The open web application security protocol (OWASP) board has announced that it is to cancel its marketing agreement with RSA Conference, as well as a planned training programme.
In an announcement on the OWASP discussion board, Michael Coates, chair of the OWASP Board, said that OWASP would terminate the co-marketing agreement with RSA for RSA 2014. “This may place our training at risk, but if permitted we will still provide the free training at RSA and the OWASP speaking slot.” This decision was backed by seven members of the OWASP board.
One of those board members, Eoin Keary, said in a tweet that he had to cancel his delivery of secure coding training at the event “due to recent developments”. Keary said in a statement to CSO online that as a board member and individual he could not put his head in the sand “and attend an event hosted by an organisation which may be linked to erosion of software security, individual privacy and possible freedom”.
He said: “I feel we are getting to a tipping point in this area. I want my kids to have a right to privacy. I feel corporations are selling and governments are disrespecting our rights as individuals. I want secure code/technologies developed which protects people’s rights not violates them.
“My training class has been free at RSA such to enable awareness and help developers make informed decisions, such like not using crypto which is proven to be weak. I was also asked by the event organisers not to deliver the training with any other organisation whilst in San Francisco, this goes against my open values.”
However the decision was not met with complete agreement. OWASP co-founder Dennis Groves said on the discussion board that he was “deeply divided by this issue” and the decision forced him to think about the future of both the OWASP organisation and the community.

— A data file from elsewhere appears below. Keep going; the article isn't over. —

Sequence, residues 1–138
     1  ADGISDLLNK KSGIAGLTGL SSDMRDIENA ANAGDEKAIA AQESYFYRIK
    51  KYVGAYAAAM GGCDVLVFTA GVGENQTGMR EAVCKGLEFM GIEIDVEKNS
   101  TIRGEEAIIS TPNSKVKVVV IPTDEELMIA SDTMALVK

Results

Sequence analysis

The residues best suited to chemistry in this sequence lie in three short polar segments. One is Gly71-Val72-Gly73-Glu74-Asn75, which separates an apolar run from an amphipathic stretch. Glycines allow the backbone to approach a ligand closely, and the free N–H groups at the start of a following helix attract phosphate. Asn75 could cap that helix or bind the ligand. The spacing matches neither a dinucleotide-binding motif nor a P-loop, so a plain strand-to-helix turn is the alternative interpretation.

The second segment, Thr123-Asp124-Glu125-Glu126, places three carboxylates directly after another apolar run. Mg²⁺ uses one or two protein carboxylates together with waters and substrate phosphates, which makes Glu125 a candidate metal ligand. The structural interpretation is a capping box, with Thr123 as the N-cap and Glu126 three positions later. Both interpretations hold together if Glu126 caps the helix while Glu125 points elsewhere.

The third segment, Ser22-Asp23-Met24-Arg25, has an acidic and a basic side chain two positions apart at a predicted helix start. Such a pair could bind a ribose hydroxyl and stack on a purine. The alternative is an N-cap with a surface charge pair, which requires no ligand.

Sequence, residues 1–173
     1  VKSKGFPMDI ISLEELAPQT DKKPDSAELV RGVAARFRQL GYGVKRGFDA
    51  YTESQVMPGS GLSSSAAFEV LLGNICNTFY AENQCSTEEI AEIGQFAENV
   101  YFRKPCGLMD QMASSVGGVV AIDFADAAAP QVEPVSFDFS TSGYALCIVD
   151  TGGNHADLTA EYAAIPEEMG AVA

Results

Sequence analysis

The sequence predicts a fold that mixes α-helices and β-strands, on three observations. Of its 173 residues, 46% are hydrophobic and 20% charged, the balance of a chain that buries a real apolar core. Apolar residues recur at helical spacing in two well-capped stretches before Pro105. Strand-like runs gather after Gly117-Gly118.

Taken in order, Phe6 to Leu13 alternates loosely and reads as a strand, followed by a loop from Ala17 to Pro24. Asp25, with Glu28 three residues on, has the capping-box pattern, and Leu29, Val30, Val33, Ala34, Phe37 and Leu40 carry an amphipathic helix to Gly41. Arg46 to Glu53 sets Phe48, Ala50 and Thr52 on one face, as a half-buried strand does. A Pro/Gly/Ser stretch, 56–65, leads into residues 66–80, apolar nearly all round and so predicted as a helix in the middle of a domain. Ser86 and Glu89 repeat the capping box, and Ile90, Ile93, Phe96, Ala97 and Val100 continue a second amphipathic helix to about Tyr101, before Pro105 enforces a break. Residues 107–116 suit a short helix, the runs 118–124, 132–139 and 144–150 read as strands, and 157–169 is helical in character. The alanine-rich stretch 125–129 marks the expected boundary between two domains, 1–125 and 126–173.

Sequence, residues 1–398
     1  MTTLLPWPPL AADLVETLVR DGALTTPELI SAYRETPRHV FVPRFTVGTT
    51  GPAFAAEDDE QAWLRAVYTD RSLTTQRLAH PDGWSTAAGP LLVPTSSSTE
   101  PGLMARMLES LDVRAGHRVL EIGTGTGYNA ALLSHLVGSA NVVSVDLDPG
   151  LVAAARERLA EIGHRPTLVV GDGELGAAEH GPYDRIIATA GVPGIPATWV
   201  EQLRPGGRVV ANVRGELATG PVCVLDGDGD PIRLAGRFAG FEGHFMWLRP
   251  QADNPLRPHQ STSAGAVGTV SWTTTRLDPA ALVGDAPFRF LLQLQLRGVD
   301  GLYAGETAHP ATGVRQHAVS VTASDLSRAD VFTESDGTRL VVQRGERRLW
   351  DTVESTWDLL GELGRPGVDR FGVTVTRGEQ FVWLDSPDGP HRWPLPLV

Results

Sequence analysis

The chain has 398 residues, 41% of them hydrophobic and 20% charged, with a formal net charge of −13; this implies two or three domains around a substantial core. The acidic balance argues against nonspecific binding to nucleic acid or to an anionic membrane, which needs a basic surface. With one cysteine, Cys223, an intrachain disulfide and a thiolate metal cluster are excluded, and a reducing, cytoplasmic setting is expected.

“I too am disappointed by the allegations against RSA, but currently not enough information is known to hold informed judgment. However the NSA is hurting everyone, and I have to wonder if RSA even had a choice given the situation with Quest communications,” he said.
“Partnerships are very important to OWASP, and we need to tread carefully or we will be forced to walk alone in areas we simply cannot afford to be competitive.”
The announcement came after eight speakers cancelled their speaking slots at next month’s conference. RSA had not responded to a request for comment at the time of writing. John Bumgarner, CTO at the US Cyber Consequences Unit said in a tweet that the current speaker boycotts of RSA Conference 2014 “will likely have little impact on the conference, unless the other 500 speakers drop out too”.